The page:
Yankees ace and reigning American League Cy Young winner Gerrit Cole is headed for an MRI on his right elbow, manager Aaron Boone told reporters Monday morning (X link via Newsday’s David Lennon). Cole hasn’t been recovering as well between throwing sessions and will get his elbow checked out to determine if there’s an injury at play. The imaging will take place today.

Boone didn’t provide additional details. The organization’s level of concern regarding a potential serious injury isn’t clear, though imaging performed on any pitcher’s elbow is an ominous sign. That’s particularly true in a Yankees rotation that can ill afford to lose its ace. Granted, no team is built to withstand the loss of a reigning Cy Young winner, but the rotation behind Cole is filled with a series of question marks.

The first season of Carlos Rodon’s six-year, $162MM contract with the Yankees played out in disastrous fashion. After a dominant two-year run between the White Sox and Giants from 2021-22, Rodon was limited by injuries in 2023, logging just 14 starts (64 1/3 innings) and yielding a grisly 6.85 ERA with strikeout and walk rates that both trended heavily in the wrong direction (22.4% and 9.8%, respectively — down from 33.9% and 7.1% in the two seasons prior).

A strained left rotator cuff limited southpaw Nestor Cortes Jr. to a near-identical slate of 63 1/3 frames in 2023. He’s broken out with a pair of sub-3.00 ERA campaigns over the two preceding seasons. While Cortes maintained strong strikeout and walk rates, he became even more fly-ball heavy, inducing grounders at a minuscule 26% clip. He saw his HR/9 mark spike from 0.91 the year prior to 1.56 in 2023. Cortes didn’t see a disproportionate number of his fly-balls leave the yard (just 11%), but the sheer volume of balls in the air worked against him both at home (1.45 HR/9) and on the road (1.73 HR/9).

The Yankees picked up Marcus Stroman on a two-year, $37MM contract this offseason to help solidify the rotation, but he’s coming off an injury-marred season of his own. Stroman was in the NL Cy Young conversation with a strong first few months of the ’23 season before being rocked in July and placed on the injured list due to a hip injury. While rehabbing, he was diagnosed with fractures in his rib cartilage that further slowed his return to the mound. He made it back for four appearances late in the season but didn’t pitch particularly well. After carrying a 2.88 ERA through his first 20 starts, Stroman pitched just 18 more innings on the season and was lit up for 26 runs (22 earned) in that time.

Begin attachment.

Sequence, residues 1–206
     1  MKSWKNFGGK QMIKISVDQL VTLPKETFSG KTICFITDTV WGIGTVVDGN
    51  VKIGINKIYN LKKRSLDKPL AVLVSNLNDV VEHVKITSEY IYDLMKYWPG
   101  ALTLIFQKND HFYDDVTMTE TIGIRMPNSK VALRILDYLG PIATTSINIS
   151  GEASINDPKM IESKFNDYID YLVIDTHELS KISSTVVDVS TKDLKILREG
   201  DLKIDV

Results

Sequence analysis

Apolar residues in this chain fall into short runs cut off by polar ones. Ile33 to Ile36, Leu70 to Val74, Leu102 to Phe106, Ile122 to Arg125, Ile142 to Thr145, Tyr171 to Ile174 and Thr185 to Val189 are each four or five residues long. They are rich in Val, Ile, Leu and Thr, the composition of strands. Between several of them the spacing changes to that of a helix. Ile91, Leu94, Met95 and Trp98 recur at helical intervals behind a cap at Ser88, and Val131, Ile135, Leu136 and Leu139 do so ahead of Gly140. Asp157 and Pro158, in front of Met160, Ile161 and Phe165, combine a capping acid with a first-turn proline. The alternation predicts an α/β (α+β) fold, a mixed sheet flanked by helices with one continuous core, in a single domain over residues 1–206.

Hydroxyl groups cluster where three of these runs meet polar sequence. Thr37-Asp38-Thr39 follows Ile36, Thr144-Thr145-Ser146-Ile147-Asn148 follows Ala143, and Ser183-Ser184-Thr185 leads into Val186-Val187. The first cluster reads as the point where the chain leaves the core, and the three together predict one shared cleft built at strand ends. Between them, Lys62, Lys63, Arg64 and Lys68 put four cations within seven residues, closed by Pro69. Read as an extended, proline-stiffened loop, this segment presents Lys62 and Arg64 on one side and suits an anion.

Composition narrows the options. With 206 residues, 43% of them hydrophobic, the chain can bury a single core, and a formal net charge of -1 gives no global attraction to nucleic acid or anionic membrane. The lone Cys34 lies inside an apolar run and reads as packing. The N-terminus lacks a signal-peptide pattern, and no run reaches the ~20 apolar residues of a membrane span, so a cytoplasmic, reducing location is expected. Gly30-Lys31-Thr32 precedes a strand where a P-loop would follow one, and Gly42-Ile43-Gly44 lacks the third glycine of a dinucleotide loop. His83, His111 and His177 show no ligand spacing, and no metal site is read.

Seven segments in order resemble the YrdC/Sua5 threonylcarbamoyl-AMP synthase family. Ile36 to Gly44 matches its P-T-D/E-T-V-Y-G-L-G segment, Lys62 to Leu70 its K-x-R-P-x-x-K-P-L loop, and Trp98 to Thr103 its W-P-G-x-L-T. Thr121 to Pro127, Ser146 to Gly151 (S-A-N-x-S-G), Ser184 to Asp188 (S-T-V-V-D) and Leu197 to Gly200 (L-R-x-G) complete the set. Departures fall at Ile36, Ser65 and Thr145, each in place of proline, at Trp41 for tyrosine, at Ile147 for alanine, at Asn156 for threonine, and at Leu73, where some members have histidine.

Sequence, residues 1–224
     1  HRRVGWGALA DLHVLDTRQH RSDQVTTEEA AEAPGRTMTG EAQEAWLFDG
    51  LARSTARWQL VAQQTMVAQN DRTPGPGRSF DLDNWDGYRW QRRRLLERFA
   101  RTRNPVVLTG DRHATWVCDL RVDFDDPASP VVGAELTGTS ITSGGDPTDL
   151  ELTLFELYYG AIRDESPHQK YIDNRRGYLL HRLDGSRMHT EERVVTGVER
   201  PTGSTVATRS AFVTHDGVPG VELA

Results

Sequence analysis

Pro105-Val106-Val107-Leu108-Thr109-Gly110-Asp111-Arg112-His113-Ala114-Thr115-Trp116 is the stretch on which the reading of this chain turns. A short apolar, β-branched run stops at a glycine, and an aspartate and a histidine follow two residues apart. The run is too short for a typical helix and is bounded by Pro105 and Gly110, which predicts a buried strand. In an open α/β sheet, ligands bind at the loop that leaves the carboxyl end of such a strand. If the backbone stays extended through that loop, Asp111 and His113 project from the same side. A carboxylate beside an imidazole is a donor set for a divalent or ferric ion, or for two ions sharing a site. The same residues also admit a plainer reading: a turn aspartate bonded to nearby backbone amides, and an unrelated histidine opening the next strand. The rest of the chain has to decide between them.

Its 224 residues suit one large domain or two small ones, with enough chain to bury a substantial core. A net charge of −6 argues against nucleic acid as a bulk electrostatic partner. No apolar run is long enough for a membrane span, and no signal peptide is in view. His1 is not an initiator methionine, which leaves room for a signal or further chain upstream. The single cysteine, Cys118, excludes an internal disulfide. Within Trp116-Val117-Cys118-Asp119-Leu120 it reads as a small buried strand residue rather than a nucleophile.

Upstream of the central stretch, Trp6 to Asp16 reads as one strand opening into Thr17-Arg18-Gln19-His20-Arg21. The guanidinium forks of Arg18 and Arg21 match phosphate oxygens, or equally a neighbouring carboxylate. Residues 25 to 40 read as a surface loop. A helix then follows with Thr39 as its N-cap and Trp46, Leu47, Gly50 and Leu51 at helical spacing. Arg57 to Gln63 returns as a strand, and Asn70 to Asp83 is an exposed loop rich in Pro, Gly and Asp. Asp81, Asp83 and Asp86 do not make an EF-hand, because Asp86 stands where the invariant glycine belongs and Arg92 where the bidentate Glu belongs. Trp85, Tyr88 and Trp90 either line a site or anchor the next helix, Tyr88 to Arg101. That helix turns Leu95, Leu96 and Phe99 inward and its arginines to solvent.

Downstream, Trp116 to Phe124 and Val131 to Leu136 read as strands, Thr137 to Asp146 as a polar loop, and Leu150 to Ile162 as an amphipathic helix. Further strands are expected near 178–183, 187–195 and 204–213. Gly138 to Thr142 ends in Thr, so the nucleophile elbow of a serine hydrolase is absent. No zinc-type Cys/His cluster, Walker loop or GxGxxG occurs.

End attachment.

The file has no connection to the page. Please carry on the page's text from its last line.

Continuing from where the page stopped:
Right-hander Clarke Schmidt finished second on the team with 32 starts and 159 innings pitched, though he turned in back-of-the-rotation results due in large part to his own susceptibility to home runs. Schmidt looks like he can at least be an innings eater this season, but he’s yet to have the same type of MLB success that any of his rotationmates has enjoyed in the past. There’s surely hope within the organization that the former top prospect can take a step forward, but his ability to do so (or lack thereof) will be even more pivotal if it’s determined that Cole has any type of notable injury.

The depth options behind that top quintet are shakier still. Veteran Luke Weaver inked a one-year, $2MM deal late in the offseason and seems ticketed for a swingman role, but he could start games if Cole requires any kind of absence. Weaver pitched well in three starts for the Yanks late last season but had a collective 6.40 ERA between Cincinnati, Seattle and New York — his third time in the past four seasons recording an ERA north of 6.00.

Down on the farm, the Yankees have righties Luis Gil, Clayton Beeter and Yoendrys Gomez on the 40-man roster. Gil has the most big league experience, and impressive as he was through six starts in 2021, he’s pitched just 29 2/3 total innings over the past two years owing to Tommy John surgery. Gomez pitched two MLB innings last year. Beeter has not reached the majors. Prospect Will Warren had a nice year between Double-A and Triple-A in 2023 but isn’t yet on the 40-man roster. He’s in camp as a non-roster invitee, however. Fellow prospect Chase Hampton and southpaw Tanner Tully were also NRIs this spring, but both have already been reassigned to minor league camp.

The mere possibility of an injury to Cole will rekindle speculation regarding free agents Blake Snell and Jordan Montgomery, both of whom have been tied to the Yankees at various points in the offseason. The Yankees reportedly made a five-year offer to Snell before pivoting to sign Stroman. The two sides have remained in touch with Snell, in particular, but a match has looked like a long shot given the massive tax implications that come with signing either lefty. The Yankees are a third-time luxury offender and are already in the highest tier of luxury-tax penalization. That means in addition to any actual salary for the upcoming season, they’ll pay a 110% tax on any additional contract’s average annual value. A $25MM AAV would come with a $27.5MM tax hit. A $30MM would carry a $33MM hit — and so on.

Previously, with a fully healthy rotation, such a lavish expenditure seemed unlikely. If the Yankees are facing a prolonged absence for Cole, however, that type of massive financial commitment could become far more plausible. Snell has reportedly been amenable to short-term, opt-out laden contracts with high annual salaries, while it seems Montgomery has been more focused on a longer-term contract. At this point of spring, however, it’s also worth wondering just how ready either free agent would be for Opening Day. A return to the trade market shouldn’t be discounted as a possibility, though the asking price on arms like Dylan Cease, Jesus Luzardo and others has been staggeringly high throughout the offseason (hance the lack of trade for either hurler).

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